The LA Galaxy traveled to Toyota Park in suburban Bridgeview, Illinois to battle with the host Chicago Fire in what would be one of two matches the two cities would play against one another Sunday.
In front of a crowd of 17,487 at home, the Men in Red struck first against the visitors with high-profile names such as Landon Donovan and Robbie Keane. Jeff Larentowicz’s 68th minute penalty kick goal gave the Fire a 1-0 lead in the second half, but it only took six minutes before Donovan found the back of the net to level the match.
Donovan’s goal was assisted by former Fire midfielder Robbie Rogers. Rogers, who never played a match with the Fire before his short-lived retirement, has entered the match in the 43rd minute in place of former Fire defender Dan Gargan. The draw left the Fire at 2-3-7 and ninth place in the Eastern Conference. The Fire will travel to Colorado to play the Colorado Rapids at Dick’s Sporting Goods Park in Commerce City Wednesday, and will conclude the team’s pre-World Cup schedule at home against Seattle Sounders FC Saturday.
With the first match between the nation’s second and third largest cities left indecisive, the Blackhawks and the Kings battled for Western Conference supremacy at the United Center later in the evening in a winner-take-all seventh game. The Blackhawks held a 2-0 lead in the first period before the Kings rallied to tie the game at two a piece. The Hawks took the lead again on Patrick Sharp’s first goal of the night before the period came to close. Sharp would again give the Blackhawks the lead in the second period, this time to make it 4-3, but the Kings rallied to tie the game in the third, sending the decisive game to overtime. Alec Martinez scored 5:47 into the overtime to send the Kings to their second Stanley Cup Finals in three years and ending the Blackhawks’ quest to be the first repeat champions since the 1997 and 1998 Detroit Red Wings.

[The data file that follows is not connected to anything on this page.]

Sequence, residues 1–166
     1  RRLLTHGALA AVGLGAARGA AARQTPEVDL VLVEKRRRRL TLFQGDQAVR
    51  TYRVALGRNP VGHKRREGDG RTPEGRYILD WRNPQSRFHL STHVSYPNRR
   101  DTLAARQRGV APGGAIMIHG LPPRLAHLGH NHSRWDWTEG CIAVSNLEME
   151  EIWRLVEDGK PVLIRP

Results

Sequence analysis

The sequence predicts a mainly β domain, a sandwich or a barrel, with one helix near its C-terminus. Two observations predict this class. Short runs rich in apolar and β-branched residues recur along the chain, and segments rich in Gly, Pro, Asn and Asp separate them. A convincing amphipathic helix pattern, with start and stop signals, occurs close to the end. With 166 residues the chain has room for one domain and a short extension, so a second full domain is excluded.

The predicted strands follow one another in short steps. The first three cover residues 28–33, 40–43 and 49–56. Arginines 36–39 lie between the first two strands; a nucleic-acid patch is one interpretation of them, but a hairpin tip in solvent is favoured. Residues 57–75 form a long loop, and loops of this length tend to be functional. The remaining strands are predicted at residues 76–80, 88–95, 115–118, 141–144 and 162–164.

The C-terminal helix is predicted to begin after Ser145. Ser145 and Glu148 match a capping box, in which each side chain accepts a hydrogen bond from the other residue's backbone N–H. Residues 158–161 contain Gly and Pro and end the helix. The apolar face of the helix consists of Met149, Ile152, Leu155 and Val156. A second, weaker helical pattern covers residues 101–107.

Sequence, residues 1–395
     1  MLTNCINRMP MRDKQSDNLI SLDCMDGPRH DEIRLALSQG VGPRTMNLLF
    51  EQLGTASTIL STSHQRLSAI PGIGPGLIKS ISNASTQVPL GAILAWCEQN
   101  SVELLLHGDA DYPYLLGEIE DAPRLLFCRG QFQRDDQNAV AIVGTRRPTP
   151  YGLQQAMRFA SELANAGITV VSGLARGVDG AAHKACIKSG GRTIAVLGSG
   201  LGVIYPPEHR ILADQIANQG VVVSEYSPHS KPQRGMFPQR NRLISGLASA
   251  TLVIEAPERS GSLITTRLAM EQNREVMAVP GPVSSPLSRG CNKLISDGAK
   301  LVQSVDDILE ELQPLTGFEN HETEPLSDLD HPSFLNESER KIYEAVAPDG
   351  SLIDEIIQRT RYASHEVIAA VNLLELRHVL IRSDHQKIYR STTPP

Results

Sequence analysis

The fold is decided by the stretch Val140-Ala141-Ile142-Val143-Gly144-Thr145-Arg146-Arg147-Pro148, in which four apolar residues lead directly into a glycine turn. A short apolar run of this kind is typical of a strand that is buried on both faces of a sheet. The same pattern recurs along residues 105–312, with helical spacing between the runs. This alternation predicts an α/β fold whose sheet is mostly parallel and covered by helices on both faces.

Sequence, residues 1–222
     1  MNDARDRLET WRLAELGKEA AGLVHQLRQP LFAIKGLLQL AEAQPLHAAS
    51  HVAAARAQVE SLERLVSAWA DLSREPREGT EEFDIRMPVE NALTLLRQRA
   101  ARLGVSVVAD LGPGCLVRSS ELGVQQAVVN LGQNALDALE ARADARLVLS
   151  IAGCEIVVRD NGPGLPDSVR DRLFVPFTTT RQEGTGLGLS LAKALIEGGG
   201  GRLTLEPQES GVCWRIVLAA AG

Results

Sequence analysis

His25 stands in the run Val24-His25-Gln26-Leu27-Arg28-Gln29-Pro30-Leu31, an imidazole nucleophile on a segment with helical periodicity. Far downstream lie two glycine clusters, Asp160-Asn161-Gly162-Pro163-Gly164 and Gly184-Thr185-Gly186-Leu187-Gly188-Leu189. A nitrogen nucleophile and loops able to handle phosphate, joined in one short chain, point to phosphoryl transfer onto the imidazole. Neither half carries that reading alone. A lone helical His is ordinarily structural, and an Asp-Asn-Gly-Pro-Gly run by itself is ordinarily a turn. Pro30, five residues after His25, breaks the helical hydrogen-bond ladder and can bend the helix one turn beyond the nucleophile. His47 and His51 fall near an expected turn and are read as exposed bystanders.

Hawks fans should not be ashamed of the team’s failure to reach the ultimate goal. Instead, fans should take pride in the fact that a franchise that less than a decade ago was named the worst in professional sports has added two championships and four conference finals appearances in the past six seasons. It simply is not feasible to expect to win the Stanley Cup every year. The Hawks made an excellent run, battling back from down 2-0 to St. Louis, downing a resilient Minnesota side and coming back from down 3-1 in the series to Los Angeles and bringing the seventh game all the way to overtime before falling short. Regardless of Sunday’s result, the Blackhawks are still in the midst of the most successful period in the Original Six team’s history, and one must credit Los Angeles for being able to match a team that is simply unwilling to lose. After one of the greatest series in recent memory, it is time to bid farewell to the 2013-14 Chicago Blackhawks.